Cystatin C is not superior to creatinine-based models in estimating glomerular filtration rate in former kidney donors.Transplantation. 2007 Nov 15; 84(9):1112-7.T
The long-term renal consequences of kidney donation need to be accurately quantitated. Cystatin C is a freely filtered glycoprotein that may not have the limitations of creatinine as a measure of glomerular filtration rate (GFR). Whether cystatin C is superior to creatinine-based estimates of GFR in those who have donated a kidney in the past has not been tested.
We assessed the performance of seven cystatin C and two creatinine-based GFR prediction equations in 187 former kidney donors against iohexol GFR for measuring GFR. We calculated bias, precision, and relative accuracy of these models.
The majority of former donors had a GFR >60 mL/min/1.73 m(2). All cystatin C models, except the Rule model, overestimated GFR (range 5.3-31.4 mL/min/1.73 m(2)). Among the cystatin C models, the Hoek and Rule formulas were least biased at 5.3 and -3.8 mL/min/1.73 m(2), most precise at 0.41, and were within 30% of iohexol GFR, 89.3 and 96% of the time, respectively. The Modification of Diet in Renal Disease (MDRD) formula underestimated GFR by 7.2 mL/min/1.73 m(2), was most precise (R(2)=0.47) and fell within 30% of measured GFR at the highest frequency of 96%. When all models were given a rank based on their performance in the bias, precision and accuracy domains, the MDRD model was clearly superior.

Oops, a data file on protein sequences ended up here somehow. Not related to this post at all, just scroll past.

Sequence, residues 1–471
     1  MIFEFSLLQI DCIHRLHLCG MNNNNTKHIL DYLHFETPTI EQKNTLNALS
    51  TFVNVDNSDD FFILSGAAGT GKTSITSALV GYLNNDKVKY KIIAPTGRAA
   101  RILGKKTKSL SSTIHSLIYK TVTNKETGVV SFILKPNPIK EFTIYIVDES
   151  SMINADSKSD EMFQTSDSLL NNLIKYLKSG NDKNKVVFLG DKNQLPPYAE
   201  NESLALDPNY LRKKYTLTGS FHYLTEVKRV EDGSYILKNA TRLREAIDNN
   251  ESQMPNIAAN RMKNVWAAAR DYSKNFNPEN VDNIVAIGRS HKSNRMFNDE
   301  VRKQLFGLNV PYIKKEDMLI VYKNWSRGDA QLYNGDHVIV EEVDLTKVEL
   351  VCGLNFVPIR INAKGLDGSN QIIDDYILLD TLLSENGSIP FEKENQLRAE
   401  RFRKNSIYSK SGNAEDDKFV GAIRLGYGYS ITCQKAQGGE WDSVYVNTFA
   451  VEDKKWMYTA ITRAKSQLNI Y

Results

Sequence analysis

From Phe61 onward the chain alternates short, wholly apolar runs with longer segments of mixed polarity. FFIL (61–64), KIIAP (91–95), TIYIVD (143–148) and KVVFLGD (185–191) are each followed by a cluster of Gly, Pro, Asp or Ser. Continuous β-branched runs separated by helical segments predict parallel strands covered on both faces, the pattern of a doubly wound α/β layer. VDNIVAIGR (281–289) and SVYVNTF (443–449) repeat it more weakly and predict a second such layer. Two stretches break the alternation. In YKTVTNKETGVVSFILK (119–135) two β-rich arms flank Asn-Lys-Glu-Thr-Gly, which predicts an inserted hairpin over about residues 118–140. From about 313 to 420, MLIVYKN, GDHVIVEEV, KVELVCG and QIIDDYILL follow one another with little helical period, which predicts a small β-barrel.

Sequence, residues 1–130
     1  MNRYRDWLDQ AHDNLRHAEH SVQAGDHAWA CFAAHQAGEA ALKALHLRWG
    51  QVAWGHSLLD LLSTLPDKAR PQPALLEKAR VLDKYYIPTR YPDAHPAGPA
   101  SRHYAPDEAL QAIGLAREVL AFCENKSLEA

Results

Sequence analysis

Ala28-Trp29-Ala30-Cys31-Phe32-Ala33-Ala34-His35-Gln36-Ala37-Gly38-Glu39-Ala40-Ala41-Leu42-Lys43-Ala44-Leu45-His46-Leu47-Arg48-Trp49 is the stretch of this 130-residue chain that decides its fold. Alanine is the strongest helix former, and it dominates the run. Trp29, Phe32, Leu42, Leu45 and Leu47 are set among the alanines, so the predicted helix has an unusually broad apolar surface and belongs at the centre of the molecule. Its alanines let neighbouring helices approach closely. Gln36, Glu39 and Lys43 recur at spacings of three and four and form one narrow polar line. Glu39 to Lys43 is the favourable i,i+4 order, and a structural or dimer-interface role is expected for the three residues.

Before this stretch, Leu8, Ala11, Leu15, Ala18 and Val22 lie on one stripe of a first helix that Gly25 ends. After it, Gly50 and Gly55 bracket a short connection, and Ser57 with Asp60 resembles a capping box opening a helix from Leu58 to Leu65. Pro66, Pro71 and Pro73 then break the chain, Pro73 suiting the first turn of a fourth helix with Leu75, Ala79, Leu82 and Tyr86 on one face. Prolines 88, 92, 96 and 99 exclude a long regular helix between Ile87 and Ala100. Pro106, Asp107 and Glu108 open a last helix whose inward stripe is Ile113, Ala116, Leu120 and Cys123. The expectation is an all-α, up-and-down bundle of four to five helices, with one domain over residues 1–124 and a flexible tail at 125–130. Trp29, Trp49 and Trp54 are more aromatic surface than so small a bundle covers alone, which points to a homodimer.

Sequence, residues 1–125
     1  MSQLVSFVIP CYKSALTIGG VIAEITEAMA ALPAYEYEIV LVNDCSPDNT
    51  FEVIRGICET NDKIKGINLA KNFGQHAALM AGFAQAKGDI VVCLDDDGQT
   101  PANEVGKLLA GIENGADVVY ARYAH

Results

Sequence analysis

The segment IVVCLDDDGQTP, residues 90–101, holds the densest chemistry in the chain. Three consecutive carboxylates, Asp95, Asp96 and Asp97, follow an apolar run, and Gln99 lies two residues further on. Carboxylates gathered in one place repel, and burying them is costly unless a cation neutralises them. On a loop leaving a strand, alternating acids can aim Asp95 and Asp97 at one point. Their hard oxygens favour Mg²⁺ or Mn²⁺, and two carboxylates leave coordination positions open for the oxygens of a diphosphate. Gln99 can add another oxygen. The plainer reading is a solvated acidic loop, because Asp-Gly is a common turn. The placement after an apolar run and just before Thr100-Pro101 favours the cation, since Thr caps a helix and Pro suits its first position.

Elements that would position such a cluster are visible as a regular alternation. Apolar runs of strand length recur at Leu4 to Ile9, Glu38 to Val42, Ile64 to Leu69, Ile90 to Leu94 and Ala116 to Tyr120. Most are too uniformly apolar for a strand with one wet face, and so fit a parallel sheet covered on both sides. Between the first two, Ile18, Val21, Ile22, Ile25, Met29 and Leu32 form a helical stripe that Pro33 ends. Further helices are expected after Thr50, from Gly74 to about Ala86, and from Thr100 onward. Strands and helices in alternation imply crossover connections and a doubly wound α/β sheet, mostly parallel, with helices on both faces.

The MDRD equation is superior to cystatin C-based equations for estimating GFR in former kidney donors. Creatinine measurement is cheaper and the MDRD GFR is given out by most laboratories and therefore it should be the preferred model in this population.